Photographers have long battled copyright infringement of their works, and the popularity of the internet has made . copyright infringement of photography even more .pervasive. Many internet users are not familiar with copyright laws, and snatch photos from other sites without first obtaining permission or buying a license that provides them with the right to use the photo.
What is Pinterest?
Photographers may find discovering and policing infringement of their works compounded with the wildly popular emergence of www.Pinterest.com. As popular as Facebook, MySpace, Linked In, Twitter, and other social media networks, Pinterest is a new and upcoming type of social media network. It involves creating web pages that contain your favorite photographs, pinned onto your “board,” and then categorized so you can find them later. Pinterest describes itself as “an online pinboard. Organize and share things you love.” It enables users to share an assemblage of countless photos and ideas with other people through their own Pinterest page, and by sending their Pinterest web pages to their Facebook or Twitter accounts.
With four million users, Pinterest is growing quickly and has attracted $37.5 million in venture capital funding and use from large corporate brand names such as Lands’ End, Procter & Gamble, The Wall Street Journal, and Whole Foods, according to CBS News.
Copyright infringement Issues
According to a CBS News article however, Pinterest has also added to its site some legal language that addresses copyright infringement through a disclaimer and a copyright page. It informs photographers about one recourse that Pinterest provides: submitting infringement claims to its “Designated Copyright Agent,” which may result in Pinterest removing the copyrighted work being reported from the board. Pinterest also warns users to familiarize themselves with copyright laws and provides a link to the Digital Millennium Copyright Act of 1998.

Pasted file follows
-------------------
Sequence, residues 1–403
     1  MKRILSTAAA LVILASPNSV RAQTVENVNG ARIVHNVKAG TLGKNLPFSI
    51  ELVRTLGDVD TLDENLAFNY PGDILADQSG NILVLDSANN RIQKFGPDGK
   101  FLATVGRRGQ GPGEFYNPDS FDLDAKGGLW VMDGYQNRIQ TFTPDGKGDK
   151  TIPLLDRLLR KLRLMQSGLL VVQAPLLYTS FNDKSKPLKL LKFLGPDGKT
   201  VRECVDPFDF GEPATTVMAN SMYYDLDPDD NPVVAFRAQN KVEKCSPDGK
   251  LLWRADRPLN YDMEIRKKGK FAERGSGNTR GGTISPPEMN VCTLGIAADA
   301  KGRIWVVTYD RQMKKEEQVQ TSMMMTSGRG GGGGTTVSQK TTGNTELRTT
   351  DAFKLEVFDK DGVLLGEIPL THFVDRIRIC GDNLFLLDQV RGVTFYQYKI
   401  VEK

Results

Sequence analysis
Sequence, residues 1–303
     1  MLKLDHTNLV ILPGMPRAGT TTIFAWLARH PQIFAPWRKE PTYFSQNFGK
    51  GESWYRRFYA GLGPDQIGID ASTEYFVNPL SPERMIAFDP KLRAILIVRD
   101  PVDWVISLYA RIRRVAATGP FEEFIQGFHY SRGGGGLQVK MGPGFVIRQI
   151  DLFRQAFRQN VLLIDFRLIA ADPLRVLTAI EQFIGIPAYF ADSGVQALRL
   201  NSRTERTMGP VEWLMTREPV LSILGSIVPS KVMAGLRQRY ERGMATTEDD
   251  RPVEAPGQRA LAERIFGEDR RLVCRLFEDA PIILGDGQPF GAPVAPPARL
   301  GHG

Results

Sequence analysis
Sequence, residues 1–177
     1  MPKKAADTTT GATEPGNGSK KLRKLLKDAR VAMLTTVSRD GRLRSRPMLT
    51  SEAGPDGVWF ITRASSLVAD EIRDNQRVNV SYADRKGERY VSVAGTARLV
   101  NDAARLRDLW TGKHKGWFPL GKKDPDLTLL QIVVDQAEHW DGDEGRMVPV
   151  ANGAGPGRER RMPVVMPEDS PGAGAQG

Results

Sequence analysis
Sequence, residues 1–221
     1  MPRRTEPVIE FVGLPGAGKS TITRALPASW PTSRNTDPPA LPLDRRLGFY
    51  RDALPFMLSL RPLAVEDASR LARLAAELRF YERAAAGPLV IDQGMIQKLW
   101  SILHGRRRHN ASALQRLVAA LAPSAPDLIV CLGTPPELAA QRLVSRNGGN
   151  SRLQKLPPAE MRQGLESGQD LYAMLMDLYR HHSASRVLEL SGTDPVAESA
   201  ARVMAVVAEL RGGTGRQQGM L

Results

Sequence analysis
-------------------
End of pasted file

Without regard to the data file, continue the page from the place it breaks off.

You may wonder how Pinterest can police its site against copyright infringement; it doesn’t. Pinterest only responds to notices and claims and, ultimately, users of the site are the main targets for a photography copyright infringement suit, not Pinterest. It remains unclear whether Pinterest itself has liability as a joint or contributory (“vicarious”) infringer, and time will tell. For now, professional photographers bear the burden of discovering and reporting a copyright infringement themselves, and deciding whether to seek damages from Pinterest as a vicarious infringer
If you are a photographer with copyright infringement issues that are hurting your business, contact a copyright infringement lawyer about protecting your rights.